By Charlie Mulqueen
Pulling on the red jersey of Munster has become second nature for Billy Holland.
Yet it’s an honour that he never takes from granted.
Holland, 33 this month, is itching now for another season where his versatility as a second-row forward and number six make him an invaluable member of Johann van Graan’s squad. The 6ft 3inch, 17½-stone Cork Con man can’t wait for Saturday’s visit of the South African Cheetahs to Thomond Park and the commencement of a new campaign.
Though the colour of the jersey may be the same, the appliance of science in terms of preparation is unrecognisable from when Holland began his provincal adventure.
“It’s phenomenal how the preparation for the new season has changed. It’s hard to describe, it’s so scientific. They get data from our GPS and it allows them to monitor what we’re doing. They don’t flog you until you’re broken anymore. The idea with GPS is that they can learn whether to pull back or learn to push forward. GPS is factual. It tells you exactly what you do in a rugby match. Our sessions are very tough but you know there’s science behind them.”
When people observe modern-day professional outfits go through their training programmes, especially at the beginning of a season, they inevitably wince at the apparent severity of it all.
Holland has no complaints.
“Gone are the days when you do nothing for four weeks,” he explains of a professional player’s summer holidays. “You might get through your fitness test on day one but you’d fall apart straight afterwards otherwise. I would take two weeks of absolute rest and then tip away for another two weeks.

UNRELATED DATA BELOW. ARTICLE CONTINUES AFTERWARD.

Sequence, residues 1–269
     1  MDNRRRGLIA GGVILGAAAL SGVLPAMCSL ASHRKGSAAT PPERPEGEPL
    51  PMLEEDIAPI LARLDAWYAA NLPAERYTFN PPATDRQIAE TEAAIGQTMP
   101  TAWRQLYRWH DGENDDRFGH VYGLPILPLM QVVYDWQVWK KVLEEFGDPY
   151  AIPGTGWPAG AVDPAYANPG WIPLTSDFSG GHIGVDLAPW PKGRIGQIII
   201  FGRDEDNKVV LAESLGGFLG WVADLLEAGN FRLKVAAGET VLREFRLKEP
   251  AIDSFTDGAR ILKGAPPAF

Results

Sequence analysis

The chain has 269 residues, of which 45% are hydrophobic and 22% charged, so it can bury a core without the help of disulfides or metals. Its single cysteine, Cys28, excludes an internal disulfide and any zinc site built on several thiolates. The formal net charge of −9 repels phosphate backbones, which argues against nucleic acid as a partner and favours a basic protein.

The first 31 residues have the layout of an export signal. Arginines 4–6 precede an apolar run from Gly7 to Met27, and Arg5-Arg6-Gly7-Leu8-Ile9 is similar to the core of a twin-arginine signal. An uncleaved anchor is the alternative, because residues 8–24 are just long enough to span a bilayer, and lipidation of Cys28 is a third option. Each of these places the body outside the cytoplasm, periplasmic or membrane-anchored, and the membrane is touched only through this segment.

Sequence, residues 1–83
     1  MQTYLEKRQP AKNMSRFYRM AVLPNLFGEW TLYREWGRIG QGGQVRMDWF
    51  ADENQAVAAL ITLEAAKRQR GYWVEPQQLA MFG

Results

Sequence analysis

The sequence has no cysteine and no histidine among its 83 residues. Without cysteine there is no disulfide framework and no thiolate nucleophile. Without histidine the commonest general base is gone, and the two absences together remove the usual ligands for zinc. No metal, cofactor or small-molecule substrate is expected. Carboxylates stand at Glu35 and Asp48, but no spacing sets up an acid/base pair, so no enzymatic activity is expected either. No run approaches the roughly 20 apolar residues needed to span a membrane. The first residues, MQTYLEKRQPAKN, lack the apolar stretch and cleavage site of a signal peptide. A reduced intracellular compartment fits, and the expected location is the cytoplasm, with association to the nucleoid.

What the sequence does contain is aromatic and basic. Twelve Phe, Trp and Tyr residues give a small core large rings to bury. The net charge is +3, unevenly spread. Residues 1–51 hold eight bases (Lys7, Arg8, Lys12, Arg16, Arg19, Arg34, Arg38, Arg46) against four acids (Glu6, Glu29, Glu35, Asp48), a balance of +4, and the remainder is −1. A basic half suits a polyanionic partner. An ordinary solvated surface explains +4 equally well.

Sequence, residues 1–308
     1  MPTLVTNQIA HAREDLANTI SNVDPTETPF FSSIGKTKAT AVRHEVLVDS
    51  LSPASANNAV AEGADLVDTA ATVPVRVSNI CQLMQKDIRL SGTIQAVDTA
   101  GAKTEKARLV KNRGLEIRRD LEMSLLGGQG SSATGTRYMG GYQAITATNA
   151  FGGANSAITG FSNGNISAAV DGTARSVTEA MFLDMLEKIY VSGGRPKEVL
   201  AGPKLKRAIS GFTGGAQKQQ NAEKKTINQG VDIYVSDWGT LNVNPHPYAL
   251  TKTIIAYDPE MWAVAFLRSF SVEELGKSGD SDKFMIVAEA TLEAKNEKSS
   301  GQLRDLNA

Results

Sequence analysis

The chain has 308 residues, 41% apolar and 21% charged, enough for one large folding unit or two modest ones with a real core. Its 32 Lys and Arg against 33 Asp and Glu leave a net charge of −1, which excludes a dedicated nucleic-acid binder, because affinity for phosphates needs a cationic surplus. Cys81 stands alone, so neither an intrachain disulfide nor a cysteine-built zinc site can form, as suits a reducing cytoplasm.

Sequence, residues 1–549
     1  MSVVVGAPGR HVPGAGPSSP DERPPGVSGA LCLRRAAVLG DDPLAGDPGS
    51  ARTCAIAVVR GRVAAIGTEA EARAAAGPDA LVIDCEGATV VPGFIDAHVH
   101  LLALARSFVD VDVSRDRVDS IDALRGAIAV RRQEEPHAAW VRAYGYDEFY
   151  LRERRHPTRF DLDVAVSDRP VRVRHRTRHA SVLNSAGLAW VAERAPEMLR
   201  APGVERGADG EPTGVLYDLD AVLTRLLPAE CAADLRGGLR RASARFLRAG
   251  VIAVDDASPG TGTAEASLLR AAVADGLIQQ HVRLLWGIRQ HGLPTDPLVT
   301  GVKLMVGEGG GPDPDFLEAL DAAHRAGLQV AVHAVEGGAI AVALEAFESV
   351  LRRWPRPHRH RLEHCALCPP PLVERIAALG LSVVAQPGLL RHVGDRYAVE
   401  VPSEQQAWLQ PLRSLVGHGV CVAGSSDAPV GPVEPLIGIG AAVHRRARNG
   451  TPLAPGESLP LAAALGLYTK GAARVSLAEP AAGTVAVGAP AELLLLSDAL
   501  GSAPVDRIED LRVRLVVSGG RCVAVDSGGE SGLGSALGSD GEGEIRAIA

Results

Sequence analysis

The visit of the Cheetahs on Saturday coming on the back of last Friday’s “friendly” 12-0 defeat by Exeter means that Munster will have a far-from-gentle start to the new campaign.
“The Cheetahs are a very physical pack and their backs are so elusive,” said Holland.
“They have a lot of very good, skilful individual players and you don’t know what they’re going to do. There are one or two who are tiny and who run at you and you’d prefer a guy of 6 ft 10ins and 150kgs because they’re easier to tackle. They have a good scrum, good maul, good set piece and backs who will run riot if you kick loose ball to them.
“When we first played them last season, they weren’t used to European rugby. But they got to PRO14 play-offs so they certainly learned as the season went on as to what was more suitable to their style. Certainly playing them at this time of year with a dry ball and firm grounds will suit them more than, say, going to Dragons in January in the mud and the rain.”
Holland’s task of retaining his place in the 23-man squad on the biggest days in Europe and the PRO14 has not been eased by the arrival of some notable second row and back-row signings, most notably the equally versatile Tadgh Beirne.
But Holland has welcomed the former Scarlets man with open arms.
“To really compete, you need 30 top-class players with two guys at least for each position. Tadgh certainly showed what he could so last season. Competition is so important, there are now five second-rows going to compete for two positions and one on the bench. I think he is going to bring in great ball skills. You have seen what he can do on the poach, maybe I’ll learn some things off him and maybe he’ll learn a few things off me in terms of the lineout. Maybe that’s something he hasn’t developed in his game yet and that’s something I’ll be expected to help him with. It’s exciting to play with him and to compete with him for positions and hopefully making us all play better.”